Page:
In addition, ERP systems are not the same as CRM; however, they can possess features that act in similar ways to Customer Relationship Management tools. ERP systems are oriented toward processing transactions while a CRM tracks prospects, opportunities, pipelines, and customer history, and may provide tools for quoting and creating orders.

Many leaders who wish to implement ERP systems may look at the price tag and be discouraged. It is widely accepted that ERP systems can be too expensive for small companies. This is understandable, as many Tier One options can run upwards of $750k but have no fear! For small businesses, there are options in the Tier Three and Tier Four categories that not only have a lower price tag but will likely be a better fit for smaller-scale operations.

When discovering ERPs, also remember that one size does not fit all. What worked for your previous company, may not work for your current company. Put into perspective what the exact company needs are, and do not get blinded by the sparkle and shine of large systems.

Why Companies May Select & Implement an ERP System

While the reasons listed above can be indications that a company’s current system is not working for them, there are a number of reasons companies ultimately decide to dive into the world of ERP. The most common reasons found among executives are growth, legacy technology, regulatory purposes, and new leadership.

One of the biggest reasons companies implement a new ERP is because it provides opportunities for them to develop the optimal solution for the future state of the business while providing greater communication and connectivity. This future outlook allows them to identify the solution that will meet their needs in the long term, not just for where they are now.
When a company begins to experience substantial growth, it may find that its current way of operating does not fit its needs anymore. The expansion of operations can force an organization into a place where it needs a new system to automate its business with so many more transactions to track. New business lines, markets, products or services, and merger and acquisition activity can lead to growth beyond a company’s current software capabilities.

Many companies may feel content with their current ERP system but are confronted with the fact that their legacy technology is now outdated or obsolete. This happens when the technology is no longer supported, it is dependent upon outdated support resources, or it cannot accommodate integrations to outside systems like banks, eCommerce, or EDI.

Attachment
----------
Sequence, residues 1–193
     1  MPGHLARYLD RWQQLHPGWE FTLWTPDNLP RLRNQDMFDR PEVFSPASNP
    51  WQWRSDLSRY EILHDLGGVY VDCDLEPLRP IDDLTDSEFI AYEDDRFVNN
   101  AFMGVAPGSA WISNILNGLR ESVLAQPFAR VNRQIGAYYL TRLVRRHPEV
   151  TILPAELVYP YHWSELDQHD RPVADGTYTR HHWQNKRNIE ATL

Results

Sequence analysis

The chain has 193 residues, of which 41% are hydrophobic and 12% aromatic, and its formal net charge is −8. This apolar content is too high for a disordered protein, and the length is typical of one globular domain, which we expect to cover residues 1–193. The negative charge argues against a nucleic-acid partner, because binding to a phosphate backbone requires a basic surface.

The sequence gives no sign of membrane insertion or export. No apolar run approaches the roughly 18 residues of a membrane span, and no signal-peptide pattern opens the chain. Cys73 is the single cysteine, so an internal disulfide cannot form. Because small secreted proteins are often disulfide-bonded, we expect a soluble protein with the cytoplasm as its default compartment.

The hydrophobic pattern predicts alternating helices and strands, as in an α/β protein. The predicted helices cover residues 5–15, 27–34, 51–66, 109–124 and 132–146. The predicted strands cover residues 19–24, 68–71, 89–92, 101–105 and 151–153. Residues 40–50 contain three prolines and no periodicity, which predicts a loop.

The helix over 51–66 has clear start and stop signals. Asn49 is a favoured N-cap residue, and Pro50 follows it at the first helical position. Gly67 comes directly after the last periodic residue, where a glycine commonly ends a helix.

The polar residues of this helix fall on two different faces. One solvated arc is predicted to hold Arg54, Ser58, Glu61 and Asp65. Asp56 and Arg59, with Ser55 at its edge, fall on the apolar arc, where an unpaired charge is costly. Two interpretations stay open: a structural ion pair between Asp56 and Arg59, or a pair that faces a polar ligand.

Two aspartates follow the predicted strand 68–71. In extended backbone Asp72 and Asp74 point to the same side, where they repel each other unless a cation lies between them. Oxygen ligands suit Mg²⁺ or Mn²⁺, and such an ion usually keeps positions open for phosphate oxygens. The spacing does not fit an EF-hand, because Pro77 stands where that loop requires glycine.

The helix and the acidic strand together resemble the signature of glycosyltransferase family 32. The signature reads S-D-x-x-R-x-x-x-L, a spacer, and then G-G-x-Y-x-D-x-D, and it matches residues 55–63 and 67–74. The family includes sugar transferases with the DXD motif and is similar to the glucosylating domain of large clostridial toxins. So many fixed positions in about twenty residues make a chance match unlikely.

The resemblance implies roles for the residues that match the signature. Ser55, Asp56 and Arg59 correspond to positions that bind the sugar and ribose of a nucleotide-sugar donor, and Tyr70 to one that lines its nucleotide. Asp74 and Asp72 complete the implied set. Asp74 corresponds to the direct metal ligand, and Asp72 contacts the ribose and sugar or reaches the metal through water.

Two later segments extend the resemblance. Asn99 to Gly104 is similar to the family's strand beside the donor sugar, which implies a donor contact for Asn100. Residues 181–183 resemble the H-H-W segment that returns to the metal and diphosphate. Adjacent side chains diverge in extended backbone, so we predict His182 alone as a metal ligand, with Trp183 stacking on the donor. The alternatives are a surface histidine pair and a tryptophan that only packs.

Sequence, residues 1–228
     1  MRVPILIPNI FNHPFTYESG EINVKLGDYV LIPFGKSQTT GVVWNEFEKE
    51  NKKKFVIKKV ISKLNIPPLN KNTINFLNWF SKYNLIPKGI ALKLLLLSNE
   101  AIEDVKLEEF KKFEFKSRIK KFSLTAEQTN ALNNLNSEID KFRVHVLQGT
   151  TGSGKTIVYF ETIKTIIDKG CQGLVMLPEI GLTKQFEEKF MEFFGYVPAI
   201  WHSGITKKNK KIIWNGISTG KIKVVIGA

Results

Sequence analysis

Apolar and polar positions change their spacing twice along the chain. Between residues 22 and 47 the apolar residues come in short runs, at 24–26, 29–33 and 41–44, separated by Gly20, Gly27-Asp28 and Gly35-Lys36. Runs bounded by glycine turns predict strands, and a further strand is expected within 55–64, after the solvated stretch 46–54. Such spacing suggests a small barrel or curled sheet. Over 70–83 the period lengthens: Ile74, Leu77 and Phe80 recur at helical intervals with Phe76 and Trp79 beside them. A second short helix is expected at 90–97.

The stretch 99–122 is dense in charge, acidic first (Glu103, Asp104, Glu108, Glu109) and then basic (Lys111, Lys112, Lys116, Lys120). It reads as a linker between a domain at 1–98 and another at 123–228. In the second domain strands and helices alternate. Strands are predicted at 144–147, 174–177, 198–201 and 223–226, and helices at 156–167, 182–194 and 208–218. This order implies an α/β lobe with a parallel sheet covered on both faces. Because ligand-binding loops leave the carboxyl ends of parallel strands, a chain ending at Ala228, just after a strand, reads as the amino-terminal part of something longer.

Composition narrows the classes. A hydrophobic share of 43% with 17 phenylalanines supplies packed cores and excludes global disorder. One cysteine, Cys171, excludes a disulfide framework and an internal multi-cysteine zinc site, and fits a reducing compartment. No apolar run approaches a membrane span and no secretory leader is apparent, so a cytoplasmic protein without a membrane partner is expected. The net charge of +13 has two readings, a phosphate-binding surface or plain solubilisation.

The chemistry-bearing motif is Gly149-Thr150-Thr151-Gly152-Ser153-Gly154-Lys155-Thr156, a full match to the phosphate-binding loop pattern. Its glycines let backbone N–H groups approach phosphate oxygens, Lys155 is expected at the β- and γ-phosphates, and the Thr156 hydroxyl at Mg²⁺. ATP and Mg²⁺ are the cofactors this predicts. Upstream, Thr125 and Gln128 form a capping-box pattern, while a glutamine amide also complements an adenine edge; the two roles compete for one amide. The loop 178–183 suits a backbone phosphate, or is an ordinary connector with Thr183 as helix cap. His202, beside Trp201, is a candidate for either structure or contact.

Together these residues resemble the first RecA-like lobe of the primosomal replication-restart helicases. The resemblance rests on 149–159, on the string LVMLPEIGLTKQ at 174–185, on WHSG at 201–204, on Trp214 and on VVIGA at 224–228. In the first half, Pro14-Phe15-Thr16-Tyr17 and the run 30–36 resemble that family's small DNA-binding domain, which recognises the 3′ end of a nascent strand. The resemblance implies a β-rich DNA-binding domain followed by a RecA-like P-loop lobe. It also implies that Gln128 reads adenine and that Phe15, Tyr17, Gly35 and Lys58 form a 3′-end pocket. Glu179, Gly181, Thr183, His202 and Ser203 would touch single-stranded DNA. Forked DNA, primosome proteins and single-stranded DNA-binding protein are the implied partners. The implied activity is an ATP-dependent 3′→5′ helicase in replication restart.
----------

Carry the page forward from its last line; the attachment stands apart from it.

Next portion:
Sometimes, the need to switch is initiated by new regulatory requirements. Accounting is a dynamic industry, where rules and laws constantly change. Companies may find themselves needing to comply with new accounting rules. A modern ERP can facilitate compliance with new regulations.

Finally, new leadership may see fit to automate manual processes or mandate a specific technology to achieve their vision of the company. This may come because of their previous experience at another company or future goals.

While these are some reasons a company may explore upgrading to a new ERP, it is important to remember that you should not change or implement software unless it is completely necessary.

How to Purchase ERP

Similar to purchasing a car, software can be sold by many different people and is a negotiation process. It is important to have a grasp on who sells the software, what it is going to cost to implement it outside of the cost of purchasing the system, and how you can negotiate the best deal on your ERP system.

Who Sells ERP Systems?

ERP systems are sold by ERP vendors. Vendors can either be the company that creates the software or a representative of that company. Typically, software is provided by “software vendors,” also known as the software publisher. In contrast, there are also “value-added resellers” (VARs) or “solution providers”. VARs sell the software but do not write it.
Generally, solutions fall into one of four tiers: Tier One, Tier Two, Tier Three, and Tier Four. Tier One solutions are those built for large enterprises requiring complex, large-scale functionality and very high transaction processing. Moving down the scale, Tier Two solutions service mid-sized businesses that still require deep and specific functionality, but not on the scale that Tier One offers. Tier Three and Tier Four solutions tend to serve small to mid-sized businesses that primarily automate accounting processes and other specific areas of the business.